PCT Day 4: The Cold Blooded Would-Be-Killer

March 28, 2014
Mile 59.5 to Mile 77.2

In the morning, I turned over on my sleeping pad and felt a frigid spray of condensation rain down from the walls of my tent. I unzipped the silnylon and peered out at LaVonne’s frost-covered tarp. Camping in the grass had doomed us to a dew-soaked start.
I polished off my leftover mashed potatoes and grabbed handfuls of nuts and dried apricots while I packed up for the day.
A short jaunt across the highway and down a side trail led the three of us back to the familiar strip of rock and dirt we hope to follow to Canada. The wind that had been a constant during the past few days had finally abated and we quickly shed layers of clothing. The sun lifted my mood remarkably and I felt happy cruising with ease through the rugged mountains. David, LaVonne and I chatted as we hiked and I continued to stretch my hip to relieve the tension in my knee. On our way up a hill covered with prickly desert shrubs, we heard a voice from behind us and stepped off the trail to let two trail runners pass.
“You guys thru-hiking?”
“Yup”
“Awesome”
Today was the first day I actually felt like a thru-hiker. It was the first time I was asked by anyone not selling me gear or handing me my resupply box whether I was trying for Canada. I’ve encountered the question many times in town, but to be able to answer “Yup” while actually hiking with a backpack full of gear and food is new. It made me feel proud. I haven’t finished the trail yet by any means, but to be on my way and to think of being labeled a thru-hiker is special. I let the feeling swell inside me for a while before returning to the reality of the crunching of my shoes and the thwack, thwack of my poles on weathered rock.
We stopped for lunch near a large water tank stocked for use by wild land fire fighters. After filtering the water we dragged from the tank with an old Gatorade bottle on a rope, we spread our sopping tents out to dry and tucked ourselves into the shade of some large bushes. My foot had begun to hurt in the same place where it had just a month earlier when I developed tendonitis. I made a mental note to have my mom send me the new shoes I’d ordered before leaving for my hike.
On the long descent to Scissors Crossing, we met some day hikers from Sacramento, of all places, and stopped to talk. Soon we were on our way again, heading down, down to the valley below. Jet fighters buzzed the canyons we hiked through, drawing our eyes skyward.
I was hiking behind LaVonne when I heard a loud buzz and a hiss to my left. Startled, I stopped short and saw the Mojave rattlesnake coiled a few feet from my leg. It was poised to strike, but I was pretty sure I was out of range. “A few steps back never hurt anyone,” I thought, as I recoiled in fear. David was able to make his way down the slope and around the snake while it was paying attention to me. Then he distracted it with his pole so I could continue forward safely. Back in a group of three, we watched the snake retreat to the shade and promised to keep a better eye out for deadly reptiles.
We continued our descent and stopped in the shade of a massive boulder for some more candy and water. I don’t always eat candy, but when I do, I eat Snickers and Almond Joy and PayDay and Reese’s and M&Ms and pretty much anything that’s 250 calories and fits in my palm and can be happily consumed in three bites or fewer.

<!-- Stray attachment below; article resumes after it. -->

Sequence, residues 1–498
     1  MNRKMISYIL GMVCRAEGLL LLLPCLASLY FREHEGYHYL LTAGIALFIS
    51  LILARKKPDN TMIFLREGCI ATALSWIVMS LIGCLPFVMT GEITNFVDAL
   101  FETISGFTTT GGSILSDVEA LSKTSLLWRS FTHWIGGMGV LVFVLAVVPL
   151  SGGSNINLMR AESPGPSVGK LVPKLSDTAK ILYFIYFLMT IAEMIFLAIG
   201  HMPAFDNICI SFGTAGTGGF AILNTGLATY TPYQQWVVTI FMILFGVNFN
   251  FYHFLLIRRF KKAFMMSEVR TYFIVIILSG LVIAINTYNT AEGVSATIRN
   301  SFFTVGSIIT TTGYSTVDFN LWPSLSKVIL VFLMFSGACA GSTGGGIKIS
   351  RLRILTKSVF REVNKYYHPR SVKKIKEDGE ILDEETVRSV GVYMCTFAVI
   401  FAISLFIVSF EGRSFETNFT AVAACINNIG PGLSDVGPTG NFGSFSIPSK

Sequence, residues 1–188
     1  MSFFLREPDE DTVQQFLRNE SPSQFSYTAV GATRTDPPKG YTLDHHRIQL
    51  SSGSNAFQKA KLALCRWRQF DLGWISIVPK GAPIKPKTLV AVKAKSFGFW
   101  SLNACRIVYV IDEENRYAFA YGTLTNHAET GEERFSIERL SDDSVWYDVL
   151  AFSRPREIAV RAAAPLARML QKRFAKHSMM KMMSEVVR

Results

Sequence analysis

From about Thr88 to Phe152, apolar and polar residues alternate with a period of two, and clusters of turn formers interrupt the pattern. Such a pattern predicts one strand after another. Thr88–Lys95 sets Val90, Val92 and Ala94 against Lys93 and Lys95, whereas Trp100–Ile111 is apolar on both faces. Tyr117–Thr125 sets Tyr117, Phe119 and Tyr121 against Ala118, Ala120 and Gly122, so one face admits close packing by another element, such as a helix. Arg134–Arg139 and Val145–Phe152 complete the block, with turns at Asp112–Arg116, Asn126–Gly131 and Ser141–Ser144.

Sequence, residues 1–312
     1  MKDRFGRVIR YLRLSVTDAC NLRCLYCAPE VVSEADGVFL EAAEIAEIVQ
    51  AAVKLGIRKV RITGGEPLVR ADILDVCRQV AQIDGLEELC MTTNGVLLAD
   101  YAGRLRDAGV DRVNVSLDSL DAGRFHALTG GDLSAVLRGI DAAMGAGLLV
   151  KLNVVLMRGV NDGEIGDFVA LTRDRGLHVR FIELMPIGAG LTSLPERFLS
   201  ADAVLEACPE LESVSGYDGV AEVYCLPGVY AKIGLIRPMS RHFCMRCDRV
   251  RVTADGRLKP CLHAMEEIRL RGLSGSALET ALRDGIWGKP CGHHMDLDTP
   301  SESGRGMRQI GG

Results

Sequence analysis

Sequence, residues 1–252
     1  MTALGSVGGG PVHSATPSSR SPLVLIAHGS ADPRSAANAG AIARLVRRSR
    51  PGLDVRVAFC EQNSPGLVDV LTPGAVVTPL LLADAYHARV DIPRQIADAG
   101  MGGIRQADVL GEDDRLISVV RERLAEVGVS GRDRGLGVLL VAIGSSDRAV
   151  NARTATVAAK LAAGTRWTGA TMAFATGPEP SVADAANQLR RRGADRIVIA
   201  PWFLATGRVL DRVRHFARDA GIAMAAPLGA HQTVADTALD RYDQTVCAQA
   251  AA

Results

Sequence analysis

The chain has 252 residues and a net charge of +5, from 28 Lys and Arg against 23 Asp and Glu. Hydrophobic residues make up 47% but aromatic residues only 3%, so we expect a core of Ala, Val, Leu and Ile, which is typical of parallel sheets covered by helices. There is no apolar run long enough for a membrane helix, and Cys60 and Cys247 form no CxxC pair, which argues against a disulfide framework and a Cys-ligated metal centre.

Finally on the valley floor, we began to pass desert poppies and other wild flowers we hadn’t seen in our previous eco-zone.
While walking through a burned-out agave field, LaVonne remarked that our trio represented three different generations. Each of us started solo with plans to reach Canada by the end of the summer and we connected on the trail within days due to a similar hiking pace. There’s no guarantee we’ll finish together, but today we were together hiking through unfamiliar hills and gratefully filling water bottles from the Scissors Crossing Cache. And tonight we are together on the warm sand under the desert stars listening to the barks and howls of coyotes echoing from the mountains we’ll climb together in the morning.

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8 Responses to PCT Day 4: The Cold Blooded Would-Be-Killer

  1. Jakob Woods says:

    Enjoying the posts.

  2. Byron says:

    Great stuff, Korbs. We’re following you closely on the pct web trail map and google earth. I think I picked you out it the Laguna mountain area. “Free at last! Free at last! Thank God, almighty, free at last! MLKJr

  3. lbergeron2013 says:

    Enjoying your blog Korbi. Thanks for doing it. The Laguna Mountains are always surprising! Did my first work project there and about froze.

  4. rick thalhammer says:

    Just curious how this comment system works. Byron asked me to look for his, and I can’t find it. I hope all continues well, that the weather improves a bit, and especially that your foot gets better.

  5. One-eyed Banks says:

    Take care of that foot and safe travels!

  6. am2953 says:

    I am enjoying your blog, my friend and I were the ones that rescued the dehydrated hiker on your day one! How much water are you carrying at a time? I am hitting the trail on Thursday.

    • Glad you got to him! I carried 6 liters from the border and have never needed more than about 5 at a time since then. I keep a safety liter in my pack at all times. But keep in mind that it’s been relatively cold so far!

  7. carrot quinn says:

    “I don’t always eat candy, but when I do, I eat Snickers and Almond Joy and PayDay and Reese’s and M&Ms…”

    Your blog is great!
    -Carrot

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